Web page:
Fans of early 1980s LA punk rock and early late night cable TV rejoice! Someone has uploaded multiple episodes of “New Wave Theater,” the highlight of the USA Network’s legendary late night show “Night Flight,” at the YouTube channel located the link above. Hosted by the late great Peter Ivers.
Here is one of the more memorable scenes from director David Lynch’s early masterpiece “Eraserhead” … the “lady in the radiator” song “In Heaven, Everything is Fine.” The song was composed by Peter Ivers and David Lynch and sung by Ivers. The song was later covered by Devo and Frank Black of the Pixies. Ivers recorded some eccentric, but occasionally brilliant albums in the 1970s before becoming the host of “New Wave Theater,” one of the best shows from the early days of cable TV. Lynch … well … I wonder whatever happened to him …
If this seems like a really bad attempt at avant-garde humor/entertainment, you’d be correct. Why am I posting it here? Because it’s an extremely rare debacle that involved a lot of famous people doing a favor for someone named David Jove. Jove was the producer of the infamous (and truly great) early 1980s hardcore punk cable TV show “New Wave Theater.” When that show’s host Peter Ivers was murdered in 1983, some of Ivers’ friends tried to help Jove get a new show started.
“The Top” is similar to “New Wave Theater” in tone, but with a lot more money thrown at it and a lot less balls and heart. Originally Chevy Chase was hired to host, but when he got stuck in the middle of a spontaneous slam-dancing session which he had no knowledge of, he fled the studio and the producers hired Andy Kaufman instead. This was Kaufman’s last live appearance and sadly, it’s not particularly good. Still, it’s a good example of what sometimes happens when the avant-garde tries to go mainstream.
Holy mackeral! This song damn near defined my 9th grade year in junior high. To my immature ears, this was the angriest, coolest, and funniest song I’d ever heard. Though, crazily enough, I actually first heard this song in the cheesy 1983 horror film “Nightmares.” In that film, Emilio Estevez played a video game addict who played this song constantly in his headphones. In retrospect, that was the ONLY thing I remembered about that otherwise s–tty movie.
When a friend of mine played it for me a year later on a punk compilation he had copied, I freaked out like that blind guy in the 1931 Fritz Lang film “M” when he heard the serial killer humming “In The Hall of the Mountain King.” I later learned the band who did this was Fear. … who I later saw in several infamous and legendary clips on the punk TV show “New Wave Theater” … and whose lead singer Lee Ving had pivotal acting roles in several mid-1980s films (“Flashdance,” “Streets of Fire,” “The Wild Life,” “Clue”) … and who I later learned was one of John Belushi’s favorite bands before he died (Fear plays a VERY pivotal role in the final third of the infamous Bob Woodward biography of Belushi “Wired”).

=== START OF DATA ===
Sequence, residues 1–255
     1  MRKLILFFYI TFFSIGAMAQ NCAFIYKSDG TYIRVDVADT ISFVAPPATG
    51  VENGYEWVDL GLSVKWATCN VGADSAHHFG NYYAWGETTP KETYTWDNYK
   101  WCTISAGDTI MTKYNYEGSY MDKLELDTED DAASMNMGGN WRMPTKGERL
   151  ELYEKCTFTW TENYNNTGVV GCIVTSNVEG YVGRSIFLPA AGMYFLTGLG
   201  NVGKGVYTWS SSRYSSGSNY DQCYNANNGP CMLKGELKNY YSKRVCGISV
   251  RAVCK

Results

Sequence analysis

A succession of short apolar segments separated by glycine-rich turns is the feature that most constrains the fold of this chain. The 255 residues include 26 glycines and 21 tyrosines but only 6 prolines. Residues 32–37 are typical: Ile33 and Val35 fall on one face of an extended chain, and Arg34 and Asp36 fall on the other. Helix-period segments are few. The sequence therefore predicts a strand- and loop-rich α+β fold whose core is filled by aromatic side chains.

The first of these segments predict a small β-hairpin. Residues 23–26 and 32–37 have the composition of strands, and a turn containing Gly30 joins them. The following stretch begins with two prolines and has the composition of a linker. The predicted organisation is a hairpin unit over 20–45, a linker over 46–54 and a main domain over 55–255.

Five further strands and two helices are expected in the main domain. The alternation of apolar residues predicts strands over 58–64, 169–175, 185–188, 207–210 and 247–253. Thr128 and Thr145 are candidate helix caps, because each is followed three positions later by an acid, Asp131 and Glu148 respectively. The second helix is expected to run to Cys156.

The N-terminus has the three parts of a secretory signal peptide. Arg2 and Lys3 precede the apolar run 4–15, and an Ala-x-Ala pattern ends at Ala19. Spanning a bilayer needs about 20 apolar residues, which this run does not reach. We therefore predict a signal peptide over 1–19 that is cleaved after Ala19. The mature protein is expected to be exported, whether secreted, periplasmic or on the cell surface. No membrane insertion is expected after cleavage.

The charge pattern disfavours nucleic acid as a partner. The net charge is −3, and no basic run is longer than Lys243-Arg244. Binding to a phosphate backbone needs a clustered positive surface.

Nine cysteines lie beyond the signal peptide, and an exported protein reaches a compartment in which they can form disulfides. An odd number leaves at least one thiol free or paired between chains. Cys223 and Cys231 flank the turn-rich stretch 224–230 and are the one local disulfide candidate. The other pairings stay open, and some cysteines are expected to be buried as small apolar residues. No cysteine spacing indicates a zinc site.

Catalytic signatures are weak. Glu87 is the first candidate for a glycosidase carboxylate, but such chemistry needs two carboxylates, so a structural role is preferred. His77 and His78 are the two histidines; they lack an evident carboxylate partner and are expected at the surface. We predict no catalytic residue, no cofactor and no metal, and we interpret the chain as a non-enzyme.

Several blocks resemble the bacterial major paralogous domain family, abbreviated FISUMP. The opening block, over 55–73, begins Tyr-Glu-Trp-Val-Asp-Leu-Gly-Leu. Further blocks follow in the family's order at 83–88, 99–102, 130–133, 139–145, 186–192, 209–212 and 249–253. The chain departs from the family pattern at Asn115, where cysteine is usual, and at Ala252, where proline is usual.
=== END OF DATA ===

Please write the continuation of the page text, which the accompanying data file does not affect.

Guns n’ Roses later covered this on their 1993 album “The Spaghetti Incident”.
A totally rude and nasty classic!!! From Fear’s 1982 album “The Record.” Due to multiple f-bombs, not safe for work.
More highlights from New Wave Theater, this is the band Killer Pussy with their song “Pocket Pool.” You may not believe this, but their most famous song is called “Teenage Enema Nurses in Bondage” … which was actually a hit on LA’s KROQ-FM back in the early 1980s.
I discussed watching this seminal punk cable TV show in a previous Dave’s Strange World entry … along with the impact of seeing the Dead Kennedys doing “Holiday in Cambodia” on the show had on me personally. If you haven’t read it, you can catch it at the link below. You will not only see the performance, but the post goes into more detail about the show and host Peter Ivers:
However, since then, someone generously uploaded an entire episode of “New Wave Theater” broadcast sometime in the first half of 1984 from the legendary late-night USA cable network show “Night Flight.” This was broadcast right after host Peter Ivers’ untimely murder. For better or worse, commercials from the day were not edited out, so you can reminisce … or drag your mouse along the bottom of the visual to fast forward. To get the proper perspective of this, imagine watching this at 1:30 am, a little sleep deprived. To say it was mind-blowing back in the day is coming up short.